intangible value

I have learned a lot from Verna Allee over the years, and frequently referred to her work on this blog. Now that Verna has retired her websites, I have collected some of her insights together in one place. It was her work on value network analysis [PDF] that particularly influenced my thinking.

“Only through the power of value networks can we address our complex issues – together – and create a more hopeful future.” —Verna Allee

“A value network is a web of relationships that generates economic value and other benefits through complex dynamic exchanges between two or more individuals, groups or organizations. Any organization or group of organizations engaged in both tangible and intangible exchanges can be viewed as a value network, whether private industry, government or public sector.” —Verna Allee

“The true shape and nature of collaboration is not the social network – it is the value network. Value networks are purposeful groups of people who come together to take action. Value network modeling and analytics reflect the true nature of collaboration with a systemic human-network approach to managing business operations. It shows how work really happens through human interactions, and provides powerful new practices and metrics for managing collaborative work. It provides a way to a) better support non-hierarchical organizations such as cross-boundary teams, and task forces, and b) quickly and effectively model emergent work and complex activities that have multiple variables and frequent exceptions.” —Verna Allee



Image: Value Network Analysis by Patti Anklam

Verna also discussed the difference between tangible and intangible assets and knowledge.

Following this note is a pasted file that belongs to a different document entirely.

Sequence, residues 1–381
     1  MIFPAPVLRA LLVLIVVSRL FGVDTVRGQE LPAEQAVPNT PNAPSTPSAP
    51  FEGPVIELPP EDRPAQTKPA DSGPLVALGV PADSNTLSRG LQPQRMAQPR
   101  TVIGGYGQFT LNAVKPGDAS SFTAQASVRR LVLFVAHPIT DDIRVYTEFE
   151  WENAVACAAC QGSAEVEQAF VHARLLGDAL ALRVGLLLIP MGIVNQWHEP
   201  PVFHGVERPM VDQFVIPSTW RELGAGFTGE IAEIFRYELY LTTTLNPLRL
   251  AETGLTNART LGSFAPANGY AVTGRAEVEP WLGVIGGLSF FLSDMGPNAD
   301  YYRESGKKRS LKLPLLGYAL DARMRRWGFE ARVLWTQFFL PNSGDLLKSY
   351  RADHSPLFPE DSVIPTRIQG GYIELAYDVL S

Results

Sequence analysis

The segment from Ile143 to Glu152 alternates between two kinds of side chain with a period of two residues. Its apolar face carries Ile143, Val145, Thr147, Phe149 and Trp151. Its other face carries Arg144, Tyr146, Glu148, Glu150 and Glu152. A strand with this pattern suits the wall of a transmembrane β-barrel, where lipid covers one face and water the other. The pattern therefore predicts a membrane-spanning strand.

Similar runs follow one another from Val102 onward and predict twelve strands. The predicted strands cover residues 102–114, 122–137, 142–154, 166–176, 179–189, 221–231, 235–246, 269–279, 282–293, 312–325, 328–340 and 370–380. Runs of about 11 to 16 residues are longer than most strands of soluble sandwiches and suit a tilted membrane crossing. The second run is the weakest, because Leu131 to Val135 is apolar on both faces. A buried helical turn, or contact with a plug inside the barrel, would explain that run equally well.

“Intangible knowledge exchanges include strategic information, planning knowledge, process knowledge, technical know-how, collaborative design, policy development, etc., which flow around and support the core product and service value chain.

“Intangible benefits are advantages or favors that can be offered from one person to another. Examples might be offering to provide political support to someone. Or a research organization might ask someone to volunteer their time and expertise to a project in exchange for an intangible benefit of prestige by affiliation. These are intangible products that can be exchanged, as indeed people can and do trade favors to build relationships.” —Verna Allee


Source: Ocean Tomo

“You can’t plan networks or force fit them into any pattern. You can’t constrain a network to be purely within your own organization – at least not if you want to get any value from it. Networks involve customers/citizens and partners. In fact every participant in a network is a partner – not in some corny marketing sense but in the reality of the exchanges in the network. Networks support communication across channels you didn’t predict in advance. They cross any organizational unit you might have defined – even following the VSM [Viable Systems Model]. For all these reasons networks are great sources of innovation – and that innovation is emergent.” —Verna Allee


Image: Cynefin Framework by Verna Allee

Follow-up post: reflecting on the future of knowledge

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